But for the first few months, he couldnt wait to be eligible for the 50-and-over Champions Tour.
My game was in shambles, he said. It was making 50 look all the more appealing, quite frankly.
Not anymore.
I just turned 50. That actually works in my favor, Lehman said. You realize theres a lot more important things in life than a golf tournament ' although this is very important.
Divots: Joe Durant and D.A. Points were the only two players to make the cut of the six players who earned a spot in the field through the opposite-field event in Puerto Rico last week. Durant was at 4-under 209. Only one player in the top 14 on the leaderboard has won on the PGA Tour in the last year ' Masters champion Trevor Immelman. Ryo Ishikawa, the 17-year-old from Japan, shot a 75 and was 14 shots out of the lead.
Related Links:
  • Leaderboard - Transitions Championship
  • Full Coverage - Transitions Championship
  • Trump playing 'quickly' with Tiger, DJ

    By Golf Channel DigitalNovember 24, 2017, 1:33 pm

    Updated at 11:14 a.m. ET

    An Instagram user known as hwalks posted photos to her account that included images of Tiger Woods, President Trump and Dustin Johnson Friday at Trump National, as well as video of Woods' swing.

    Original story:

    Tiger Woods is scheduled to make his return to competition next week at his Hero World Challenge. But first, a (quick) round with the President.

    President Donald Trump tweeted on Friday that he was going to play at Trump National Golf Club in Jupiter, Fla., alongside Woods and world No. 1 Dustin Johnson.

    Woods and President Trump previously played last December. Trump, who, according to has played 75 rounds since taking over the presidency, has also played over the last year with Rory McIlroy, Ernie Els and Hideki Matsuyama.

    Chawrasia leads major champs in Hong Kong

    By Associated PressNovember 24, 2017, 1:19 pm

    HONG KONG – S.S.P. Chawrasia extended his lead at the Hong Kong Open to two strokes Friday after a 4-under 66 in the second round.

    Chawrasia, who had led by one at the Hong Kong Golf Club, is at 9-under 131 overall and took as much as a five-stroke lead at one point.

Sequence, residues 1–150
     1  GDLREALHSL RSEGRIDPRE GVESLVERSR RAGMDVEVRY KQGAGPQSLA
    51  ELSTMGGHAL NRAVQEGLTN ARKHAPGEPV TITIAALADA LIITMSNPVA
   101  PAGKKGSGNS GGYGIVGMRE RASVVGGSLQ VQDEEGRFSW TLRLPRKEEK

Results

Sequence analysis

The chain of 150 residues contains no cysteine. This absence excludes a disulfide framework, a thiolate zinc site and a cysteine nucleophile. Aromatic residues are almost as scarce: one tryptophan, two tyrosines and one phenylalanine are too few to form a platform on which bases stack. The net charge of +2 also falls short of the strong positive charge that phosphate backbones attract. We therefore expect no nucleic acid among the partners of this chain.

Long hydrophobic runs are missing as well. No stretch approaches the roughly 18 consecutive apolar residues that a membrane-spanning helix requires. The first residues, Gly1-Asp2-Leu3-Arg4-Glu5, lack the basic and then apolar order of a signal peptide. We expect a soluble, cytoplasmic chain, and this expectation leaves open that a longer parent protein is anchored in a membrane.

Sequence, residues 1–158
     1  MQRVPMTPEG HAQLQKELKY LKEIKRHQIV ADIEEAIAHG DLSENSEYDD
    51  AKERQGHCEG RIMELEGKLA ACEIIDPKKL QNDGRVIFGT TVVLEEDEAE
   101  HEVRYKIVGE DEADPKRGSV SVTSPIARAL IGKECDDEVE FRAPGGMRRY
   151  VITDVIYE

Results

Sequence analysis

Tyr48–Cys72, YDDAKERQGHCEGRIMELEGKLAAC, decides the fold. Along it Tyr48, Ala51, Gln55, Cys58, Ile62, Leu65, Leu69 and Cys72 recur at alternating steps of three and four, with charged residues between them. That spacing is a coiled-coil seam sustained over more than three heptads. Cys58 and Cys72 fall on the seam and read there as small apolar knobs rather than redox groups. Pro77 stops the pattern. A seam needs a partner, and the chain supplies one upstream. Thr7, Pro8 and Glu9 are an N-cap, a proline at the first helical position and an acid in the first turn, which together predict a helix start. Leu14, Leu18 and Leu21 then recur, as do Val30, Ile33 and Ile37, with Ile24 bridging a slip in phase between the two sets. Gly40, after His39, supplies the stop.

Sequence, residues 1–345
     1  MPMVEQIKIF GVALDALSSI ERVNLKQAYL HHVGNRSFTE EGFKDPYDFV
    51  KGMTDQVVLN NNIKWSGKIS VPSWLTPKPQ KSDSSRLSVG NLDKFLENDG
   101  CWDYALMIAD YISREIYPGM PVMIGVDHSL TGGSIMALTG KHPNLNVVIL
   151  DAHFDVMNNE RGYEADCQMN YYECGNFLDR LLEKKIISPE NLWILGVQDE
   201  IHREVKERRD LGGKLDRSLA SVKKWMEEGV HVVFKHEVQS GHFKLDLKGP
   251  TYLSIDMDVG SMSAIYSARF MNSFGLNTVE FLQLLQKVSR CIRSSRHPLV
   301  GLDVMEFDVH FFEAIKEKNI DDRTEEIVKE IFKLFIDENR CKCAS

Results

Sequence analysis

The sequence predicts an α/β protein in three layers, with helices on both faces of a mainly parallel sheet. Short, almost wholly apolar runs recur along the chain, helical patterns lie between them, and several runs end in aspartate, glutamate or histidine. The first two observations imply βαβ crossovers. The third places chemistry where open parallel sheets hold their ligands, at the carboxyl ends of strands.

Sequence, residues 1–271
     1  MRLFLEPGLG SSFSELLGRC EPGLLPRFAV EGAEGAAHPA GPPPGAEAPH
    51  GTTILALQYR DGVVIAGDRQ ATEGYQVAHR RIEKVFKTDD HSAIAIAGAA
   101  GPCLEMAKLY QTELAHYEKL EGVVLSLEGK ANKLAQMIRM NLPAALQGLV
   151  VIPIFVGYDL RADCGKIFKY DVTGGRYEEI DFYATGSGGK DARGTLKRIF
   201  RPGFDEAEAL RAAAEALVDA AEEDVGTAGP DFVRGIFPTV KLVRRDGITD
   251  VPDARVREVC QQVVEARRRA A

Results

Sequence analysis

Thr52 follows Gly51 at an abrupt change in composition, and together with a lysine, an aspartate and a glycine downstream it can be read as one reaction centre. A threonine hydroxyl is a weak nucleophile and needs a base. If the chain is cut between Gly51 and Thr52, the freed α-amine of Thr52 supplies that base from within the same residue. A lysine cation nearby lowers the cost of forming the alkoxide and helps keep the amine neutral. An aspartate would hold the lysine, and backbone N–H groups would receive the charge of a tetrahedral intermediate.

''Yesterday I was putting very well, and today, also I make some up and downs. I saved a couple of short putts. That's why I think I'm leading by two shots most probably,'' the Indian said. ''The next two days, I'm just looking forward.''

    Full-field scores from the UBS Hong Kong Open

    Thomas Aiken (64) is second, followed by Alexander Bjork (66), Joakim Lagergren (66), Poom Saksansin (68) and Julian Suri (67) at 5 under 135.

    Aiken's round was the lowest of the tournament.

    ''It is tough out there. The greens are really firm. You've got to hit the fairway,'' Aiken said. ''If you get above the holes, putts can get away from you.''

    Justin Rose (69) had six birdies, but three bogeys and a double-bogey at the par 3 12th kept him at 3 under for the tournament.

    Masters champion Sergio Garcia (71), playing for the first time in Hong Kong, was at even par, as was defending champion Sam Brazel (71) and 2014 champion Scott Hend (67).

    ''I have to play better,'' Garcia said. ''The way I felt like I played, it's difficult. This kind of course, you need to play well to shoot a good score.''

    Day (68) just one back at Australian Open

    By Nick MentaNovember 24, 2017, 6:40 am

    Jason Day posted a second-round 68 to move himself just one off the lead held by Lucas Herbert through two rounds at the Emirates Australian Open. Here’s where things stand after 36 holes in Sydney.

    Leaderboard: Herbert (-9), Day (-8), Cameron Davis (-7), Anthony Quayle (-6), Matt Jones (-4), Cameron Smith (-4), Nick Cullen (-4), Richard Green (-4)